Now, as Dr. Bustamante states that donor heart preservation can now be performed using a disposable transportation system that provides the organ with an insulating and protecting layer; two transparent polycarbonate sterile canisters that are leak-proof to make sure that no fluid gets in or out, and a cooling material to maintain temperatures within a range of four to eight degrees Celsius.
“It protects hearts from the harmful temperature zones that sometimes occur using the traditional ice cooler method because of the heart’s proximity to the ice.” He adds that the system has a temperature sensor submerged in the storage solution, making it possible to monitor the exact temperature at all times and check that it was properly protected while in transit.
How? The tool used by Hospital Clínico de Valladolid monitors temperatures in real time and reports them every 30 seconds. It also generates reports that can be downloaded to a mobile device by Bluetooth for the purpose of data management and to improve health-care quality control.
In this regard, Dr. Bustamente says the key benefits observed in most hospitals all over the world is a reduction in the rate of primary graft dysfunction, a condition that involves the need to use ECMO, an external machine to provide the patient with oxygen while allowing time for the heart to recover.
He proudly says that Hospital Clínico is the third hospital in Spain to use the device and that it constitutes a “major breakthrough” in healthcare. Currently, the profile of transplant patients is “more complex,” calling not only for surgical technique and sub-specialization, but also for an improvement in the different points involved in the entire process. One such point is preserving the organ, which effectively stops beating for four hours. This is why he underlines the need to use a cold solution applied through the coronary arteries, called cardioplegia, which stops cardiac activity and protects the heart, although it is essential to keep the heart at the right temperature too.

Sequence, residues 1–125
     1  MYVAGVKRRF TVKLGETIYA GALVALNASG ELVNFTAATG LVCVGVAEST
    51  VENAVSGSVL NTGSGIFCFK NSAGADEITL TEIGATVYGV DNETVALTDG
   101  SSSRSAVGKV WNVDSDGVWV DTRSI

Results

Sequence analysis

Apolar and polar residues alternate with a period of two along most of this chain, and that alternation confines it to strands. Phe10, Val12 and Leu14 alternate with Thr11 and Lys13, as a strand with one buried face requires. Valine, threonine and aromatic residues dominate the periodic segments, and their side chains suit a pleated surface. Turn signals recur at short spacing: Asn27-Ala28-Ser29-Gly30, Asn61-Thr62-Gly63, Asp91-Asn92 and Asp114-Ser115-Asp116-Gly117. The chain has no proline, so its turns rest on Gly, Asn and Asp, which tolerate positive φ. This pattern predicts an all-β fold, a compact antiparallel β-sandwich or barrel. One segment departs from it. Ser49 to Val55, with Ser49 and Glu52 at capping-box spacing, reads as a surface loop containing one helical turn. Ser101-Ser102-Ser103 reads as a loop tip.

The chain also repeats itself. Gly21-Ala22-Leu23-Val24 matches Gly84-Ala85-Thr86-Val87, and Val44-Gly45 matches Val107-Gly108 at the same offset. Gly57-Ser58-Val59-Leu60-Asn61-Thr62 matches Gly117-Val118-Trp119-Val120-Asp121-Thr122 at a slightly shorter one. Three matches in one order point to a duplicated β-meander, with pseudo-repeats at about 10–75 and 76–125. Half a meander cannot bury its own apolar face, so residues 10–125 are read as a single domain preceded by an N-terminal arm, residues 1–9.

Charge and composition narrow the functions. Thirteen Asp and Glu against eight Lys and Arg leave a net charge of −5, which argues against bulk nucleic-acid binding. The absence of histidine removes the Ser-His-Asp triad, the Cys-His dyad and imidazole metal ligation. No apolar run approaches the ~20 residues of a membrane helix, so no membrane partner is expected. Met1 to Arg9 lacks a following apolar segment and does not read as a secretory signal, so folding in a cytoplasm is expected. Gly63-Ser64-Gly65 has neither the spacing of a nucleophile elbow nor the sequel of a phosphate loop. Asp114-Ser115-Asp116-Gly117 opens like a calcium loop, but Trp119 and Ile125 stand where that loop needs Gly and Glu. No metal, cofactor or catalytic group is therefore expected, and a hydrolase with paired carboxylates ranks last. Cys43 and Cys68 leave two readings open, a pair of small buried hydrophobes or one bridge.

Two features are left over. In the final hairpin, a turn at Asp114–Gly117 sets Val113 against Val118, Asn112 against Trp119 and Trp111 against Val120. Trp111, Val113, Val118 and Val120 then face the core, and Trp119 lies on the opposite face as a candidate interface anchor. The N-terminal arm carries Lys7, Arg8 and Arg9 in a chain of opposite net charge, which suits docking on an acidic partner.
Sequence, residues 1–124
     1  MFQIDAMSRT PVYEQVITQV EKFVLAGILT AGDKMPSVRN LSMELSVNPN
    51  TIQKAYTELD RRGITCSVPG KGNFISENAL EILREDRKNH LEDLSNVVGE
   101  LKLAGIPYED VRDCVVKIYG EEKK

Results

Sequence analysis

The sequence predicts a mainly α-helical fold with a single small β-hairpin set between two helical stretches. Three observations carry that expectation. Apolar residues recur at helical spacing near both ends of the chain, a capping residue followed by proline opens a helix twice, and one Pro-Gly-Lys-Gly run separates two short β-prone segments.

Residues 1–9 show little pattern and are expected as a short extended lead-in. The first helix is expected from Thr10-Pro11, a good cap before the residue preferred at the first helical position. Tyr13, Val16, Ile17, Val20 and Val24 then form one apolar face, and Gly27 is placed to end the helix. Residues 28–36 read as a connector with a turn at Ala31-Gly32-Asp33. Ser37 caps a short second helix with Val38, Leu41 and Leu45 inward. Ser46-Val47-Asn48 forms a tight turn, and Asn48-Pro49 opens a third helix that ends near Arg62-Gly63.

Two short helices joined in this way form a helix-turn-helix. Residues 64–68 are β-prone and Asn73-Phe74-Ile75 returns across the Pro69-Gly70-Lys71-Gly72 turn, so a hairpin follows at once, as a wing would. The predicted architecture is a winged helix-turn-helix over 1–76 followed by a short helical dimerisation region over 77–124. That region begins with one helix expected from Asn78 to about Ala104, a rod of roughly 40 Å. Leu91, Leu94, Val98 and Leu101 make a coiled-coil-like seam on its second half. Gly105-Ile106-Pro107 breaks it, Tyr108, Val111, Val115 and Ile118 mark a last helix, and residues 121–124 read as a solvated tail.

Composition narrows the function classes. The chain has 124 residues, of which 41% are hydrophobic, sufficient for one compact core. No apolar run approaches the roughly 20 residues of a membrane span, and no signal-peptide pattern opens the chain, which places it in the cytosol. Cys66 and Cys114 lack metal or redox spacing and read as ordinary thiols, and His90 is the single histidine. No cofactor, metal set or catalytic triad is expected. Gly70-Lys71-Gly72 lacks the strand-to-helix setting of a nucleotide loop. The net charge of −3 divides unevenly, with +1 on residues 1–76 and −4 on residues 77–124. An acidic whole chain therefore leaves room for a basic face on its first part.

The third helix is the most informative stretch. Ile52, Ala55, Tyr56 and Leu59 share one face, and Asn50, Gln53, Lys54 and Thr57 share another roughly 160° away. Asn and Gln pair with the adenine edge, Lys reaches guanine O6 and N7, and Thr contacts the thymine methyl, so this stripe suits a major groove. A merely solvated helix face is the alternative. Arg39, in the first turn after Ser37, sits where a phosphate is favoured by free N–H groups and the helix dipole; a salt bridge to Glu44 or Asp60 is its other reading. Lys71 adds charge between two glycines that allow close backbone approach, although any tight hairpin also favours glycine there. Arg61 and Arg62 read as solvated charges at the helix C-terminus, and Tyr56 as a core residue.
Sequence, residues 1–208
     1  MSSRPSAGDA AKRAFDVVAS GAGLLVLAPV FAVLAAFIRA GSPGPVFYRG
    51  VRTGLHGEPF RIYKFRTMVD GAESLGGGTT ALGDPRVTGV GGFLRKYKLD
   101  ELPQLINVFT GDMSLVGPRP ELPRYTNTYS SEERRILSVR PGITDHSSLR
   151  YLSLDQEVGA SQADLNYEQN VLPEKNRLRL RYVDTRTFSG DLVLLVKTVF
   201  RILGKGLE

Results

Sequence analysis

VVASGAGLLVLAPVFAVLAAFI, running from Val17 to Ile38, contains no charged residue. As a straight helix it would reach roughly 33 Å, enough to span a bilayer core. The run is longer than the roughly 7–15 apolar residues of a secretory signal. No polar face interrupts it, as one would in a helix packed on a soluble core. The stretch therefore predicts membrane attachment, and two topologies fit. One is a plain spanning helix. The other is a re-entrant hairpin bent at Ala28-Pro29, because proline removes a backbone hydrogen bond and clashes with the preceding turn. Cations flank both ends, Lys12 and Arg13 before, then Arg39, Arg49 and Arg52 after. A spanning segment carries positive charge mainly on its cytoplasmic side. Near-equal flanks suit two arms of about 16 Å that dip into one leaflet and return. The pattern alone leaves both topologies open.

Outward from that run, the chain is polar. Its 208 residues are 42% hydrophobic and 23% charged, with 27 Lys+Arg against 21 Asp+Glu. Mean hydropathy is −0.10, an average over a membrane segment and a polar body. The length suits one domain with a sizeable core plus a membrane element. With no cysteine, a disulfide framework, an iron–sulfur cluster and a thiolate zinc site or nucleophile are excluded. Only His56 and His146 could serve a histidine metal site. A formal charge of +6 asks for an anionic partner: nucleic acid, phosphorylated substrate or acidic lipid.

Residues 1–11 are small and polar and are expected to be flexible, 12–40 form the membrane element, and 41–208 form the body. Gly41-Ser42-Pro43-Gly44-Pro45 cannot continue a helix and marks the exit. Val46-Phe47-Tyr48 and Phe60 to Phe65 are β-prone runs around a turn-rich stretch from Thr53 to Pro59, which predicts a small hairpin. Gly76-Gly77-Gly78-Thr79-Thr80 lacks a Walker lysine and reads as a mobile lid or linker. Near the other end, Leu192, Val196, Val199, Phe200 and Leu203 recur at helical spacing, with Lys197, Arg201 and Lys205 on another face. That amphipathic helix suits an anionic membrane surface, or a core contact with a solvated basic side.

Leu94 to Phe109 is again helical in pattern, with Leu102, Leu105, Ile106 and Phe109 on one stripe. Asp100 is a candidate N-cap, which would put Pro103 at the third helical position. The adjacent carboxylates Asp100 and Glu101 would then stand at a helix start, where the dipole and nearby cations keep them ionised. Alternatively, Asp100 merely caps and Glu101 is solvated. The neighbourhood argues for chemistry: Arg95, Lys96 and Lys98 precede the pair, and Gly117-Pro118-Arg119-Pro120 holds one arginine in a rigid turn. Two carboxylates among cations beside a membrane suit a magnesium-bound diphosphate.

If any of these factors are not fulfilled, the transplant is not always successful. Sometimes the situation is irreversible and the patient dies. To reduce the mortality rate, this team at Hospital Clínico studied the options of modifying certain parts of the transplant protocol, one of which was maintaining the heart’s temperature.
After several talks with European colleagues along the way, they discovered this new method, which calls for collaboration between the nursing, anesthesiology and cardiology departments. In fact, they intend to continue making advances to improve outcomes and to treat patients more successfully. They have already started to work with the Guardian Registry, managed by the Massachusetts General Hospital in Boston and AKH Vienna (Austria), which, as he points out, will enable this center in Valladolid to build considerable expertise in the heart donation and transplantation process.
Written by E. Lera. Originally published March 17, 2020 by Diario de Valladolid. Republished with permission